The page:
Despite improvements over recent years, EU Member States’ efforts to tackle fraud in cohesion spending remain too weak, according to a new report from the European Court of Auditors. Member States’ assessments of the effectiveness of their anti-fraud measures are too optimistic, say the auditors. Detection, response and coordination still need substantial strengthening to prevent, detect and deter fraudsters effectively.
Over 4,000 potentially fraudulent irregularities affecting the EU’s financial interests were identified between 2013 and 2017. These represented almost €1.5 billion of EU support, 72% of which concerned cohesion policy, including the European Regional Development Fund, the Cohesion Fund and the European Social Fund. Responsibility for fighting fraud in these areas lies primarily with the Member States.
The auditors assessed whether managing authorities and anti-fraud coordination services in Member States have properly met their responsibilities at each stage of the ‘anti-fraud management process’, from prevention and detection to response, including reporting on detected cases and recovery of funds unduly paid. To this end, they visited seven Member States: Bulgaria, France, Hungary, Greece, Latvia, Romania and Spain.
“Cohesion policy represents one third of the EU budget but accounts for nearly 40% of all reported fraud cases and almost three-quarters of the total financial amounts involved in these cases”, said Henri Grethen, the Member of the European Court of Auditors responsible for the report. “Member States, however, generally conclude that their existing anti-fraud measures are good enough. We consider this conclusion too optimistic.”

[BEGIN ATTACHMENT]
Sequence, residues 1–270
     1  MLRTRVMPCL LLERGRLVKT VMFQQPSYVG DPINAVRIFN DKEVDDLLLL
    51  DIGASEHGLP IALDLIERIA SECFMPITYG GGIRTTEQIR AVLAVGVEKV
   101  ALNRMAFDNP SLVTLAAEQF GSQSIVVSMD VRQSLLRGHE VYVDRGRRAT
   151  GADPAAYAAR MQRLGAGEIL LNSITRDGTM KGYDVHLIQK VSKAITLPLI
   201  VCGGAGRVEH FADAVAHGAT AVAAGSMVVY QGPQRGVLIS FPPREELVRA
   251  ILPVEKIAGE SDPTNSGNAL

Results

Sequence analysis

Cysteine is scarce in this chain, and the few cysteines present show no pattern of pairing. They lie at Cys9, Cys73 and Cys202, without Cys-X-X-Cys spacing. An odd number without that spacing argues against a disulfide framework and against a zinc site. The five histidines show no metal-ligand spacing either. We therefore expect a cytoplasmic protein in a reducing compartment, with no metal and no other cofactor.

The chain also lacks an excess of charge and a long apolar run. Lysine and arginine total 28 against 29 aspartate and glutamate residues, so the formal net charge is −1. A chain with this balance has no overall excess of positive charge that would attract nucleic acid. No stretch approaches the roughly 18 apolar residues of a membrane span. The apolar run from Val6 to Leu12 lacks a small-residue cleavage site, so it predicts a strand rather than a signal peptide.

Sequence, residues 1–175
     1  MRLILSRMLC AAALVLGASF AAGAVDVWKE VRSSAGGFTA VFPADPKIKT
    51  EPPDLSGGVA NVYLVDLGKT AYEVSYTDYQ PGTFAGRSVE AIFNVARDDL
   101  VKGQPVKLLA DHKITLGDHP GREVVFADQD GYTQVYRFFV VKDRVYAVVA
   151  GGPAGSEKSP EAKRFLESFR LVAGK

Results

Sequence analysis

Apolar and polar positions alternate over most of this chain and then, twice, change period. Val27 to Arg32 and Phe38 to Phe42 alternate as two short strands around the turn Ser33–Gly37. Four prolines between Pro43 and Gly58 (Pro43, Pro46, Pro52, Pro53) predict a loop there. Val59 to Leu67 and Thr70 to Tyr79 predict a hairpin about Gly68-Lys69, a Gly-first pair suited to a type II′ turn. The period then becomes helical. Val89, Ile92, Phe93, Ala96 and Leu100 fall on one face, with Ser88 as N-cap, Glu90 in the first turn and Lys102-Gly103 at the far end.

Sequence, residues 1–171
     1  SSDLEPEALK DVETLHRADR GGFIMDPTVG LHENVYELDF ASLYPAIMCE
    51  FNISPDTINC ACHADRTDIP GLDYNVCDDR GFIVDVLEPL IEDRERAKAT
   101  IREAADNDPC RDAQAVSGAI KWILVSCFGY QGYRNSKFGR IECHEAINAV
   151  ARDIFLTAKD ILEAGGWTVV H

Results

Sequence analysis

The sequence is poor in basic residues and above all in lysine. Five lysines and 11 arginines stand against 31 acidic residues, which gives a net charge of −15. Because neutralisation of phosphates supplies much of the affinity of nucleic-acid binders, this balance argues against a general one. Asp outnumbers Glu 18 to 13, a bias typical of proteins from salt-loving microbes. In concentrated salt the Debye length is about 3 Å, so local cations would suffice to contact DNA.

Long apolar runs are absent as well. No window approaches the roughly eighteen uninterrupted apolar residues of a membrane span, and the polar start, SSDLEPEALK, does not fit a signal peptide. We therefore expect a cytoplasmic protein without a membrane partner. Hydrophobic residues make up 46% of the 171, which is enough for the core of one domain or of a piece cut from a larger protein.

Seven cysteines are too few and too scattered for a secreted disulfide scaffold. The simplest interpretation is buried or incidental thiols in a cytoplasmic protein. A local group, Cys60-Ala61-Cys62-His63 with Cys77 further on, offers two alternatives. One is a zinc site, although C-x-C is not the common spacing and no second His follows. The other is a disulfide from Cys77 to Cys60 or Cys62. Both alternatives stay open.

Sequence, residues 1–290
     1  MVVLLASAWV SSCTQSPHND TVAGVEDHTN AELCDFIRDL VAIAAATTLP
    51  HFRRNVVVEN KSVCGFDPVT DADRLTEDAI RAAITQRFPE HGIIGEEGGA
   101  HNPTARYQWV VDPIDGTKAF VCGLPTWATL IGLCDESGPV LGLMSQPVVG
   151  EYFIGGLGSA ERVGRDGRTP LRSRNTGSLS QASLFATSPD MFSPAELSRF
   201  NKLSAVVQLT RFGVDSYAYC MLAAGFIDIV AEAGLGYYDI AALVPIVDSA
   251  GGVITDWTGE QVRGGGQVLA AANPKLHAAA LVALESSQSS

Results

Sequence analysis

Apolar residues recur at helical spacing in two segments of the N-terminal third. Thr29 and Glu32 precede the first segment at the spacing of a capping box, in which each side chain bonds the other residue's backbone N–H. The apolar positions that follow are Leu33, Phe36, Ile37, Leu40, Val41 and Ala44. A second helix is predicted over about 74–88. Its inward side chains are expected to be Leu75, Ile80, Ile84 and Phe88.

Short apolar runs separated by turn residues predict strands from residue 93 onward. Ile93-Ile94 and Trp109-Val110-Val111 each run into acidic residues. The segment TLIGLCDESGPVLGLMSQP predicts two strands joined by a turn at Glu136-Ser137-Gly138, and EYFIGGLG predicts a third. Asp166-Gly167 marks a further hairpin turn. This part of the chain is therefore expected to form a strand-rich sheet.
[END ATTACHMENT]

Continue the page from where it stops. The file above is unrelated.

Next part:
For the 2014-2020 programming period, the auditors found that managing authorities had better assessed the risk of fraud in the use of cohesion funding and improved their fraud prevention measures. However, some of these analyses were not sufficiently thorough and Member States generally have no specific anti-fraud policy.
The auditors also point out the lack of significant progress towards proactive fraud detection. Moreover, the impact of prevention and detection measures often remains insufficiently monitored and evaluated.
The auditors also note that Member States have not been responsive enough to all detected cases of fraud in EU cohesion spending and that corrective measures, when applied, have a limited deterrent effect. Reporting arrangements are also unsatisfactory. Cases are under-reported, which affects the reliability of fraud detection rates published by the European Commission. Additionally, suspicions of fraud are not systematically communicated to the appropriate bodies, and coordination with other anti-fraud bodies is insufficient.
While new rules for cohesion funds for 2021-2027 are being discussed, the auditors make several recommendations on how to achieve better results. In particular, they ask Member States to:
- adopt formal strategies and policies to combat fraud against EU funds;
- make fraud risk assessment more robust by involving relevant external actors;
- improve detection measures by generalising the use of data analytics tools.
The auditors also ask the European Commission to:
- monitor fraud response mechanisms in order to ensure they are consistently applied;
- encourage Member States to expand the functions of their Anti-Fraud Coordination Services.